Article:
Creme dé Cornell, the Cornell Diplomat, and Collective X are three student publications catering to readers seeking niche interests

Creme dé Cornell, the Cornell Diplomat, and Collective X are three student publications catering to readers seeking niche interests

February 12, 2020

Student Publications Seek to Inform, Engage and Entertain

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Correction appended.

On-campus publications — scattered everywhere from Libe Café to the furthest corners of the veterinary school — cover every topic Cornellians can dream of, from fashion magazines to book reviews.

These publications are a way for students to explore and access spaces they otherwise wouldn’t enter. The Sun sat down with a number of publications — many of which find themselves filling niche nooks in the Cornell community — to discover what they can offer Cornell students.

“The Cornell Book Review is for people who like reading but, even if they don’t have the time to read a lot, they can read one book a semester and improve their writing skills,” said Kelly Stone ’20, president of the Cornell Book Review.

The Cornell Book Review publishes its student-written and edited reviews biannually, dissecting new books. The print magazine is deposited in different public places at the end of each semester, but the organization has also embraced online blog posts, according to its website.

As the Book Review hones in on the shelves, Cornell Equity Research has turned to stocks. Started in August 2019, the organization analyzes publicly traded equities, evaluating past and current events that may have an effect on their valuations.

“We did not think that there was a robust finance publication on campus” said Josue Sanchez ’20, the group’s founder. “We wanted to fill that niche.”

This attitude is common among the many campus publications.

“We consider ourselves the only food publication on campus,” said Priya Pradhan ’22, managing editor of Crème de Cornell, which published its first edition in spring 2010. The magazine focuses on curating recipes and peoples’ experiences with food — a menu that can include anything from finger foods to deserts.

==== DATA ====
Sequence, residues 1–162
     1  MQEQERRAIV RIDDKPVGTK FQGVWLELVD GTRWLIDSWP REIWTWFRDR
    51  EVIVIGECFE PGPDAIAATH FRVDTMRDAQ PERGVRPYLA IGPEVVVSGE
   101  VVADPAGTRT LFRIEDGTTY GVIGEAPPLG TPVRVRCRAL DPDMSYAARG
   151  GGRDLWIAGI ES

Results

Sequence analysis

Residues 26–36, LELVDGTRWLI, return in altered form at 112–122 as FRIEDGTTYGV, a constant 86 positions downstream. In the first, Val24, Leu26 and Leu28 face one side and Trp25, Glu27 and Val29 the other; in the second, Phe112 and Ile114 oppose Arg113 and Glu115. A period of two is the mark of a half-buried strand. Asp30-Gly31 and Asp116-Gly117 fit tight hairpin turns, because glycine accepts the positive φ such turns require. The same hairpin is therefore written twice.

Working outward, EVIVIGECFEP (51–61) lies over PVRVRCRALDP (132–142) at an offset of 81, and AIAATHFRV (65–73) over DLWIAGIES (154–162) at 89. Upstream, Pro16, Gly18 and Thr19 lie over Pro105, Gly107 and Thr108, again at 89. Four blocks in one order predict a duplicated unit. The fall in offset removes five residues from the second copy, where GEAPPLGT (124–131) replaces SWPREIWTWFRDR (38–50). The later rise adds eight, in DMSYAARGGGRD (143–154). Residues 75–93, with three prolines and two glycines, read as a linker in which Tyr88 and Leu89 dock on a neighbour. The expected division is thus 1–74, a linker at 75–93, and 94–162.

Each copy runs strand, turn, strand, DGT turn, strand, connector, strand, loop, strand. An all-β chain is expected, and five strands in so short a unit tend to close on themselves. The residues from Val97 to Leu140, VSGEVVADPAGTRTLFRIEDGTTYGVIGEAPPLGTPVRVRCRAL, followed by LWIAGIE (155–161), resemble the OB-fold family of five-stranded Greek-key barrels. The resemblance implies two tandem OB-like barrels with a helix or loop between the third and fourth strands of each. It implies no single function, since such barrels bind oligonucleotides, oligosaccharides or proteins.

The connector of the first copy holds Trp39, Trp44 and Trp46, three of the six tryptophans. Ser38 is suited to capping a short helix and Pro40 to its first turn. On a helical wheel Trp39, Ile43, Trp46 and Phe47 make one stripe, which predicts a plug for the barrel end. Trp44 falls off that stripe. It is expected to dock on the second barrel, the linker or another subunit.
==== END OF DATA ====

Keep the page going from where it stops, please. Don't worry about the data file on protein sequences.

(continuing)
Another pioneering publication, Collective X, also seeks to fill a void: the bridge between fashion and literature. Olivia Chaudhury ’20, co-president of Collective X, described the social justice fashion publication as one that  “aims to develop the narrative experiences of oppressed and disregarded populations,” according to its website.

The magazine’s first issue in May 2017, for instance, declared that its mission was about “visibility,” writing that the issues of race and fashion were intertwined.

Some of these publications attempt to appeal to many people across campus — not just their narrower audiences.

“We wanted to create a publication that everyone can read. [The articles are] two pages long!”, said Christina Lu ’21, the president and co-founder of The Cornell Diplomat. “It’s understandable and that’s important.”

The Diplomat — which published its first issue “Regime (In)stability” in fall 2018 — is a magazine about international issues, catered specifically to engaging the Cornell community.

No matter what a Cornellian wants to read — or, in fact, write about — there’s some campus cover for them.

Clarification: This article was updated to clarify that the articles in The Cornell Diplomat are two pages long, not the publication. 

Correction: An earlier version of this article misconstrued what Stone said about The Cornell Book Review. Stone said the Cornell Book Review is catered toward people who enjoy reading, but do not have the time to do so voraciously, not for people who like to read one book a semester. An earlier version of this article also misstated the types of books The Cornell Book Review reviews. The Cornell Book Review solely examines new books in its biannual issue, not new and old books.